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Empowering Female Leadership in the Healthcare Industry

More women leaders are needed in the healthcare industry. Getting ahead starts with confidence, self-advocacy, and teamwork.

“The best advice I’ve ever received is to trust myself and to be myself,” says Robin Shapiro, the global president for TBWA\WorldHealth, noting it’s important to feel confident in your own abilities and then be able to make decisions quickly and pivot as needed.

TBWA\WorldHealth, which has more women leaders than men, is known as “The Disruption® Company” because it helps clients such as Bayer, Pfizer, Merck, and others break free from conventional thinking to create a more purposeful and profitable future for their brands. The company has a relentless approach to healthy, trusting client relationships, which has resulted in record-breaking rates of client retention and organic growth since its founding four years ago.

Authentic self

Shapiro is focused on creating safe spaces where the voices of women and people of color can be heard.

“You need an environment where you can completely be yourself, because when you are comfortable being who you really are, you have room to make mistakes,” she says.

Sharon Callahan, CEO of TBWA\WorldHealth, agrees. When her son was 11, he told her, “Stop talking to me like I’m one of your employees.”

She realized it was important to always be her authentic self.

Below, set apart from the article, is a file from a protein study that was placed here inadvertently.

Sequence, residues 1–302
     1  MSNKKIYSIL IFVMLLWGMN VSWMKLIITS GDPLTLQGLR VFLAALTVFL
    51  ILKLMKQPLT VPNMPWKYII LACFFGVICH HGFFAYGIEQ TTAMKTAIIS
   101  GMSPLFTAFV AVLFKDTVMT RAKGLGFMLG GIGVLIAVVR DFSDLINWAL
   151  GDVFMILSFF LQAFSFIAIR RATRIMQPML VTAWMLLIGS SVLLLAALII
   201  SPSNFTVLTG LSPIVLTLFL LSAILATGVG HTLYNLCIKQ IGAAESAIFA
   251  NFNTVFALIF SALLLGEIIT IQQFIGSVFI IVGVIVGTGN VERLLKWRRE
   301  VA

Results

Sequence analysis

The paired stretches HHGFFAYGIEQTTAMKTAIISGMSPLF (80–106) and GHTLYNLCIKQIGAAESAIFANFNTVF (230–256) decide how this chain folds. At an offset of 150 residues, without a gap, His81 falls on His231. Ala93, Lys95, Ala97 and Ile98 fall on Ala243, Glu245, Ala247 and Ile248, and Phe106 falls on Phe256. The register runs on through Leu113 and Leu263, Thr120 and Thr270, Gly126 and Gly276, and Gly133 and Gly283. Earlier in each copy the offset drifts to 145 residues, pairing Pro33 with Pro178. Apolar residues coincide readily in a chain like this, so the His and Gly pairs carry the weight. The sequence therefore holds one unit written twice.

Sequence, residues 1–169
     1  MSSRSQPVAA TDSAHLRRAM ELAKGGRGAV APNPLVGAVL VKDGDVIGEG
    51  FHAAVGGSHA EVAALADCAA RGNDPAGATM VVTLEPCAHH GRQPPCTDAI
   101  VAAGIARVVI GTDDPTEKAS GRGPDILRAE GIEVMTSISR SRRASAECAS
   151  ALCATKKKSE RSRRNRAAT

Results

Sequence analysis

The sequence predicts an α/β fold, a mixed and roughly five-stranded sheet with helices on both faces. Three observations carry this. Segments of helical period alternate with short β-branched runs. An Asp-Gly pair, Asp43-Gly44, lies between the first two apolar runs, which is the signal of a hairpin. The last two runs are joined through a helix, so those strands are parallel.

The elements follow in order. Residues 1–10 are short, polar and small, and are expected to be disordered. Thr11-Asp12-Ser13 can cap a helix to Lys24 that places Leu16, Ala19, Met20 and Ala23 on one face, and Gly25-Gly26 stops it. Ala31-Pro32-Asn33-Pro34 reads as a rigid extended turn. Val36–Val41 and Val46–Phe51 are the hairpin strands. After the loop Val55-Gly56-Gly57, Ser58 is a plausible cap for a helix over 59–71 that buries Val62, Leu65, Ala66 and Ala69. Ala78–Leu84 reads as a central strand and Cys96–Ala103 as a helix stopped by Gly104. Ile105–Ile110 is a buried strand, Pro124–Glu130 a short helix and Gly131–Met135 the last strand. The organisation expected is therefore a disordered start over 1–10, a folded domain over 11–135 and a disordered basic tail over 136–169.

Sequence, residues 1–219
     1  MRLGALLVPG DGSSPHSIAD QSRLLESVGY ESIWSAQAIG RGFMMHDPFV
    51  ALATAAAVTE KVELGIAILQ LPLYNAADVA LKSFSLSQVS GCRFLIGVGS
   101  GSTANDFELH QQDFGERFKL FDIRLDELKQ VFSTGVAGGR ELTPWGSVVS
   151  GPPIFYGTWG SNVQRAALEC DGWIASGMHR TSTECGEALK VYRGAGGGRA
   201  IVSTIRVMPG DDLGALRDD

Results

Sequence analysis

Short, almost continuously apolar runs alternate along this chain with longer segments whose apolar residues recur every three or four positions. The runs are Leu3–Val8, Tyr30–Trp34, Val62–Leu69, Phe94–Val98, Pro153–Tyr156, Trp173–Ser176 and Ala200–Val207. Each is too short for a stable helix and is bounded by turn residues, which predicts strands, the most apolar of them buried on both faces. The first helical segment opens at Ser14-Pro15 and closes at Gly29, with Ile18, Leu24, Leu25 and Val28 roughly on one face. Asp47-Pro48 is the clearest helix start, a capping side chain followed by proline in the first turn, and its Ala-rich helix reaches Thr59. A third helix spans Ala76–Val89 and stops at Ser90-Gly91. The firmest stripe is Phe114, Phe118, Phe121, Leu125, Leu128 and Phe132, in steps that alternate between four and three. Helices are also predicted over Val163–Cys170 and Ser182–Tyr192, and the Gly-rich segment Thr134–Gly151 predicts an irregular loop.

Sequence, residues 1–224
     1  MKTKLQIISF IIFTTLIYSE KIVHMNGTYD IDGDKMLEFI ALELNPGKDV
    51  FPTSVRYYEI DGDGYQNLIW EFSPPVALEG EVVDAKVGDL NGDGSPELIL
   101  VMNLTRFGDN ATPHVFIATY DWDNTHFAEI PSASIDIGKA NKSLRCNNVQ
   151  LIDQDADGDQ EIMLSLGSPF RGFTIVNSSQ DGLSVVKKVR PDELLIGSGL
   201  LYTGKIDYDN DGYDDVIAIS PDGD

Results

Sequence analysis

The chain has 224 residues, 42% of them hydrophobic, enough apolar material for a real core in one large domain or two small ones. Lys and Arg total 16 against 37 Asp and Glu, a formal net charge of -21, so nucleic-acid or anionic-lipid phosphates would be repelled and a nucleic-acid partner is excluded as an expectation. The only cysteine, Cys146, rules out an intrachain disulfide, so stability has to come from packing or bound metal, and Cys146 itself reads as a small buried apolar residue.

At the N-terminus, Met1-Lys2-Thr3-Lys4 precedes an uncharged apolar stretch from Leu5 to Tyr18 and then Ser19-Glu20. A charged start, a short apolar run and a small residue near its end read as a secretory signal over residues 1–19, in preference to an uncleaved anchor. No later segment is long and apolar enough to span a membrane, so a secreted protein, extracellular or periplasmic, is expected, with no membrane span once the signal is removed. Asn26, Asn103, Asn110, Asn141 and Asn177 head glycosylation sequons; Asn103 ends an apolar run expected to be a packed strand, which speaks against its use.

“By being who I am and not compartmentalizing different parts of my life, it made my life and my leadership much richer,” she says. “I think it’s also given other people the permission to bring their whole selves to work. And when everyone brings their whole selves to work, then the workplace is just much better.”

Callahan, who’s gay, was out to her work colleagues, back in the early ‘90s.

Then and now, she says most of the healthcare industry leaders were straight white men. That dynamic can advance when people feel safe and see people like themselves in leadership roles.


These days Callahan, who was named the 2019 Woman of the Year by the Healthcare Businesswomen’s Association, is an LGTBQ mentor and advocate. She co-founded two groups, omniWomen, a women’s leadership affinity group, and Open Pride, an LGBTQ+ employee resource group. 

Women should seek out mentors and ask colleagues to sponsor them.

“I’ve had some great female role models that really challenged me and pushed me,” says Shapiro, who mentors first-generation college students at Waukegan to College in Illinois. “And I would say they became my mentors because I sought them out.”


“Women are very humble,” says Callahan. “And when you’re humble, you’re invisible.”

Visibility is important for all women and their peers. “Not only should we be telling our stories of success, we should be talking about other women’s stories of success,” she says.

Advocate for yourself and other women, especially when it comes to leadership roles.

“When women break through that glass ceiling, it’s your responsibility to send the elevator back down and bring others up with you,” says Callahan.


“Don’t be in a race to the finish line,” says Shapiro.

She tells women to excel at their job, ask for frequent feedback, and be an excellent peer and mentor to others: “You will get there.”

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